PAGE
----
9,11, #73 gut or nylgut, #108, copper w on nylgut, 9 for 5th

Scale of more than 27"

8,10, #73 gut or nylgut,  #108 copper/nylgut, 8 for 5th

I have always preferred the 1st and 5th strings to be the same gauge.

Cheers, Jody. I've used Aquila D-type strings often on lutes, so know their properties. It seems they would indeed be a good choice - thanks for reminding me of them. 

The scale of the Temlett is 26". At the moment it has 9, 11, unspecified thickness of varnished gut, 28 wound, 10. The steel strings are fine, so it's just a case of getting the 3rd and 4th sorted, and I'm good to go. Then there's the bridge - I'll try a few that will cope with steel strings. 

Yes, I first found out about D type in a lute context (I don't play lute, I just stumbled upon the existence of these strings more less accidentally).  

At a scale of only 26 inches   #112 D might be as good or better than 108.  I can't recall which I used on my Temlett when I had it. 

Rob MacKillop said:

Cheers, Jody. I've used Aquila D-type strings often on lutes, so know their properties. It seems they would indeed be a good choice - thanks for reminding me of them. 

The scale of the Temlett is 26". At the moment it has 9, 11, unspecified thickness of varnished gut, 28 wound, 10. The steel strings are fine, so it's just a case of getting the 3rd and 4th sorted, and I'm good to go. Then there's the bridge - I'll try a few that will cope with steel strings. 

No, I don't know why the last post posted itself again, that's computers for you, I probably looked at a button in the wrong way.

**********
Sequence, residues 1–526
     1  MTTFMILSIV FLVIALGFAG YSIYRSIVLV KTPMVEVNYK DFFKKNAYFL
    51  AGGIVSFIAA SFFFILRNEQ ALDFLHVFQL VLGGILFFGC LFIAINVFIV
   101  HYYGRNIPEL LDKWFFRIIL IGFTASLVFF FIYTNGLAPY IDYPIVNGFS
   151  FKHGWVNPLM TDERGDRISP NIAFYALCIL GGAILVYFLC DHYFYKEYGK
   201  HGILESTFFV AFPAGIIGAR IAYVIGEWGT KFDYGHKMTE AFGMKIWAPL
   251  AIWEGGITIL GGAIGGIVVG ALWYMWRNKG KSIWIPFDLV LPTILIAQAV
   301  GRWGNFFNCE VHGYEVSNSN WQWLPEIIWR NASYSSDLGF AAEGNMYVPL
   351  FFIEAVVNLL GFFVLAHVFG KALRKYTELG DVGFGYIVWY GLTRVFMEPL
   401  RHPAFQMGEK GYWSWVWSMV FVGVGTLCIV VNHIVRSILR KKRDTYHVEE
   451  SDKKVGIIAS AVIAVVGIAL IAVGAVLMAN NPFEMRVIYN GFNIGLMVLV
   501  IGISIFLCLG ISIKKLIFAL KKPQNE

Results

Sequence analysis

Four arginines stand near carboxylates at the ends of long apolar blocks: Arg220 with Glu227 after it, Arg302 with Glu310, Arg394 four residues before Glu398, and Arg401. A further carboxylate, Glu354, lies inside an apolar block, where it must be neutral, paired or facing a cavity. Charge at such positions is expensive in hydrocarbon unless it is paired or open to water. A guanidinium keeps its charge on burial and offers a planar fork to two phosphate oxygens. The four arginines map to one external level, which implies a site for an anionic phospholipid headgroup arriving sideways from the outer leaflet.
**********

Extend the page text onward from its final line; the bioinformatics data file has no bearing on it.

Rob MacKillop said:

Richard - there is no comment in your last post, just a copy of previous stuff. Did you intend to add anything?

Just to clarify the situation, Nick Bamber and I were the consultants/advisors on the two CE sets of zither-banjo strings. The choice was based on instruments we had encountered with original strings; Nick's 30 odd years experience of playing zibs and discussions with both Richard and Chris Sands and finally paasing our ideas on to Clem.

I sampled a couple of Camm 4ths and sent them to Epi Segerman at NRA in Manchester - they produced several samples for me (I think Tom Ryan may have witnessed some of them being wound).

They struggled to get down to 024 with the same composition as the Camms and we decided, principaly on cost and availability to compromise on the 026 for "mass" production. I've not experinced any problem with my performace instruments. Generally speaking 008 works best on the slightly longer string length of a Camm, hence the CE Camm set.

I recently re-strung a Sydney Young Vibrante Royal with a complete set of original Camms - works a treat.

Thanks for the clarification, David. I wonder how Camm's engineers managed it? But if it is impossible to emulate, all that is required on my instrument is a little widening of the grooves. 

I now have a classical guitar 4th in place, but it too gets stuck at the nut. Hopefully it will last until I get someone to work on the nut - I just don't have the tools myself, though how hard could it be? What file should I buy? I don't need the groove any deeper, just a smidge wider.